4.3 The Natural PWM Principle So as to feed the stator windings with a 3-phase sinusoidal voltage through an inverter, a first solution is to use a sine table to generate three sine waves with 120 degrees phase shift to each other. For this, the stator pulsationωsis used to feed three discrete-time integrators which com- pute the instantaneous phase of each stator voltage, θ1[k] =θ1[k −1]+ωs[k]Ts θ2[k] =θ2[k −1]+ωs[k]Ts θ3[k] =θ3[k −1]+ωs[k]Ts 4π with θ1 [0] =0 , θ 2[0] 2π = − , θ3[0]= − 3 , Ts being the sampling period of the control algorithm.3 When one of these angles becomes higher than 2π , 2π is subtracted to it to keep it between 0 and 2π . A sine table is the used to compute the three voltages that should be applied to the stator, Va [k] =Vsm (ω s [k]) sita(θ1[k]) Vb [k] =Vsm (ω s [k]) sita(θ 2[k]) Vc [k] =Vsm (ω s [k]) sita(θ 3[k]) where Vsm (ωs ) is the stator voltage magnitude deduced from the constant Volts per Hertz prin- ciple and sita(θ ) = sin(θ ) . A slight improvement can be obtained by adding to the pure sine wave of the sine table a third harmonic, sita(θ ) sin(θ ) 1= + sin(3θ ) , since it has no effect on the motor behavior and it allows62to generate a signal whose first harmonic has an amplitude which is 15.47% higher ( ) than the signal maximum (see Figure 4-3). 3 With this improvement, we can generate more AC voltage with the same DC bus voltage, so we can increase the speed of the motor with keeping constant the V/F ratio. Figure 4-3. Use of a Non-sinusoidal Waveform to Increase the Ratio Between the First Har- monic Magnitude and the Waveform Maximum 0.8 0.6 0.4 0.2 −0.2 −0.4 −0.6 −0.8 −1 0 0.1 0.2 0.3 0.4 0.5 0.6 0.7 0.8 0.9 1 θ/(2π) These values are compared to the output of an up/down counter (used as a triangle generator). When the up/down counter output oversteps one of these values, the corresponding output of, the comparator toggles. As a result, the duty cycle of each PWM channel is proportional to the corresponding stator voltage value. Since this up/down counter with three comparators would be very heavy to implement by software, such a device must be included in a microcontroller so as to suit AC motor control applications. This is of course the case of the AT90PWM3, which pro- vides three power stage controllers (PSCs). Taking the first phase as an example, the duty cycle stored in the compare register of the corresponding PSCs will be proportional to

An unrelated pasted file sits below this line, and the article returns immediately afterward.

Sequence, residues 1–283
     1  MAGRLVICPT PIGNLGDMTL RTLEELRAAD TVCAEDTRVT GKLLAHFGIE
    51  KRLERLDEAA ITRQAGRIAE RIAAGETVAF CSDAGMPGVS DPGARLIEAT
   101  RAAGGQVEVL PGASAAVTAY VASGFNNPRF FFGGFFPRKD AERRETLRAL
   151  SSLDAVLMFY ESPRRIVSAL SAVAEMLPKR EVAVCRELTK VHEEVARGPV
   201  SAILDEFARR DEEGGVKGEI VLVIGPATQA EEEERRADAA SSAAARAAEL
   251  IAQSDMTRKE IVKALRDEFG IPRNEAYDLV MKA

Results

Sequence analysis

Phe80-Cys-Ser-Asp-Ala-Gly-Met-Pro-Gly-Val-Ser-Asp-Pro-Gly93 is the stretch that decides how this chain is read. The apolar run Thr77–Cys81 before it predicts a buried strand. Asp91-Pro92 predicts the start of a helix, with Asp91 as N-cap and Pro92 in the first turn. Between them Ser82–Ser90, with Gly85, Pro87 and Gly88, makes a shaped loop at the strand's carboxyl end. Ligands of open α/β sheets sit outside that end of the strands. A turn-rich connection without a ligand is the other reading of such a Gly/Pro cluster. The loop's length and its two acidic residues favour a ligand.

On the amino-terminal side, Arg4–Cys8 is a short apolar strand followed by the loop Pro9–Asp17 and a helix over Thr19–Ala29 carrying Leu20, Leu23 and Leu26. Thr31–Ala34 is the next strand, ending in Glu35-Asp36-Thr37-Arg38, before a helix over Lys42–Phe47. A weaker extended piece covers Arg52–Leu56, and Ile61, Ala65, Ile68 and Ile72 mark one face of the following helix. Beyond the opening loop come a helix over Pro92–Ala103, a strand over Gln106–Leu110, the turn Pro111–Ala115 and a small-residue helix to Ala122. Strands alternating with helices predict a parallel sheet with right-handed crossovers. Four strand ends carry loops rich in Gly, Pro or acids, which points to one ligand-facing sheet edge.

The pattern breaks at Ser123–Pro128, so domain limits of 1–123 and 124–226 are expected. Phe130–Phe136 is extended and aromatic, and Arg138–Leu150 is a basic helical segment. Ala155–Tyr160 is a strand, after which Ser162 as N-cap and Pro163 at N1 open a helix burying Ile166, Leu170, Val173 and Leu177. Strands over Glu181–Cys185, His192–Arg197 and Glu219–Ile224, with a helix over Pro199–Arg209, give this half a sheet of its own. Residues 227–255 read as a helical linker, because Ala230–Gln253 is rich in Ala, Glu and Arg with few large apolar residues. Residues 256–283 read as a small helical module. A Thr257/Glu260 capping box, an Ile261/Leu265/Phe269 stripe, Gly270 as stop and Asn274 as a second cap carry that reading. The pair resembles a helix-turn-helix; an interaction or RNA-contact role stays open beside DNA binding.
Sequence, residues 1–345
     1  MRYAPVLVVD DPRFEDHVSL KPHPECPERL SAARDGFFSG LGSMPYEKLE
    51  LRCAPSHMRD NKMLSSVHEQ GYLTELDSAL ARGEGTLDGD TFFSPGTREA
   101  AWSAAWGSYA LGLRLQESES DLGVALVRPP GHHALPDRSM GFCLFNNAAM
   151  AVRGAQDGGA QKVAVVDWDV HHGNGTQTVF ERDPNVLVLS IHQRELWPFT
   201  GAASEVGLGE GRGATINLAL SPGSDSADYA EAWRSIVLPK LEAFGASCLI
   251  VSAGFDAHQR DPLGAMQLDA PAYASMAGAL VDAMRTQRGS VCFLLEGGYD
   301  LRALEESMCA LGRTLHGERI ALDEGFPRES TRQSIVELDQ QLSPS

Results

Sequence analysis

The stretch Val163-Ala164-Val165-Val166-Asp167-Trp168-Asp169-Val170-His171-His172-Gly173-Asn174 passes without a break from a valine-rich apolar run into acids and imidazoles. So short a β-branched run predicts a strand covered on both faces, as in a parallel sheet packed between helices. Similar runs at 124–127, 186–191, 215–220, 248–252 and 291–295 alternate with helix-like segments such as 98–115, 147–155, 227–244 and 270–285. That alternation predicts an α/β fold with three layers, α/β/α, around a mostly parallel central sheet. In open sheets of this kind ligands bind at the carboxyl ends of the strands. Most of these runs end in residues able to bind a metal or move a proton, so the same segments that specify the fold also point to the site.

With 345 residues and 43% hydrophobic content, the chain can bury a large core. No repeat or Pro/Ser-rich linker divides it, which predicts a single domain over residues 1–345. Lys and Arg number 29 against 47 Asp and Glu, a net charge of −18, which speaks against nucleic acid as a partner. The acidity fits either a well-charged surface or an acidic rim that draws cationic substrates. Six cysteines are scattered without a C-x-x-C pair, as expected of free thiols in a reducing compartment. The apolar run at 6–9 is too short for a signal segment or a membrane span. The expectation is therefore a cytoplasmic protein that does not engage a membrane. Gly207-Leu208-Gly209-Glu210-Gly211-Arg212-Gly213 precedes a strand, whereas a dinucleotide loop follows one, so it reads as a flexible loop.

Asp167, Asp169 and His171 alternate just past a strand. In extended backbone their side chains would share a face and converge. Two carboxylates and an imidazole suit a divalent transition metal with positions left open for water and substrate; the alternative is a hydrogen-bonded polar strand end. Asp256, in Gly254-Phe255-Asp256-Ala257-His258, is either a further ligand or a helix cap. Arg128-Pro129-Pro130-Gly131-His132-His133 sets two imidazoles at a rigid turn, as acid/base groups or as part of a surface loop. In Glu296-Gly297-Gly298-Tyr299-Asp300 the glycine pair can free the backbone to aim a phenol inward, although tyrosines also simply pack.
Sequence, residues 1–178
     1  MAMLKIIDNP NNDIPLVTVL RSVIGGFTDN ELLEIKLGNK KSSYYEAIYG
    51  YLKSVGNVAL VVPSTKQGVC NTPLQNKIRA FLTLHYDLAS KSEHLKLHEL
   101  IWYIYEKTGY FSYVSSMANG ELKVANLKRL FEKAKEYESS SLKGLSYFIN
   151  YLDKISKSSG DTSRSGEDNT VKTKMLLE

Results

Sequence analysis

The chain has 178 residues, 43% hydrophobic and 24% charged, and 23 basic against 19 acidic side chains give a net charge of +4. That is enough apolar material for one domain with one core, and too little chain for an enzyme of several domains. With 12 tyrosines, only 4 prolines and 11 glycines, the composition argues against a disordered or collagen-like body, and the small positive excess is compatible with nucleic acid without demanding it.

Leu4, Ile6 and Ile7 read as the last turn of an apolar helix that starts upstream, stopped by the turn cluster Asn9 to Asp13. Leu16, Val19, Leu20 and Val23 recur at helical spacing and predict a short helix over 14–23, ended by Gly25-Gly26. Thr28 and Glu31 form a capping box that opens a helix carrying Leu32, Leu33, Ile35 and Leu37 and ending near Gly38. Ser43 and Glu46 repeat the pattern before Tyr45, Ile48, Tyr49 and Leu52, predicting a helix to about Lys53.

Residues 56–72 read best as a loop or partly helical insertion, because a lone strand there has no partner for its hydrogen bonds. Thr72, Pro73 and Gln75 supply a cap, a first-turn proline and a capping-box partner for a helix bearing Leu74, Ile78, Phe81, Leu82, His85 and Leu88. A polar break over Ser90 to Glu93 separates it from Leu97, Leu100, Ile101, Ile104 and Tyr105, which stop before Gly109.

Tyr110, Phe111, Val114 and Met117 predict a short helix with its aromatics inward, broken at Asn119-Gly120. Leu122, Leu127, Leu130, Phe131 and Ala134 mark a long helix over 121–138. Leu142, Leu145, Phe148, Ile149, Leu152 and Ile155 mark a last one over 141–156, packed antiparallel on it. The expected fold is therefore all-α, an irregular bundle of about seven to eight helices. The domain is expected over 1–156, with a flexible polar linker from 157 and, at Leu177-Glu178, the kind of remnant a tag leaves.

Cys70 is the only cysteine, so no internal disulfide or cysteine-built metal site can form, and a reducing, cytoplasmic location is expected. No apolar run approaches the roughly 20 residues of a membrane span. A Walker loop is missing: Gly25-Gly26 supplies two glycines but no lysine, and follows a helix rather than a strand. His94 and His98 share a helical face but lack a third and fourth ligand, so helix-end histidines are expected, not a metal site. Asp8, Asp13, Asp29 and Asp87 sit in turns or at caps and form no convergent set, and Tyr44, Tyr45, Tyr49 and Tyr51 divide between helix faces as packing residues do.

Ts V [k](1+α a )

2 V , with α 2δ =1− , Vsmax and δ are respectively the highest value of the stator smax Ts voltage magnitude and the dead time of the inverter switches. The resulting data-flow diagram is shown on Figure 4-4. Figure 4-4. Natural PWM Data Flow Diagram 6 Application Note,

Application Note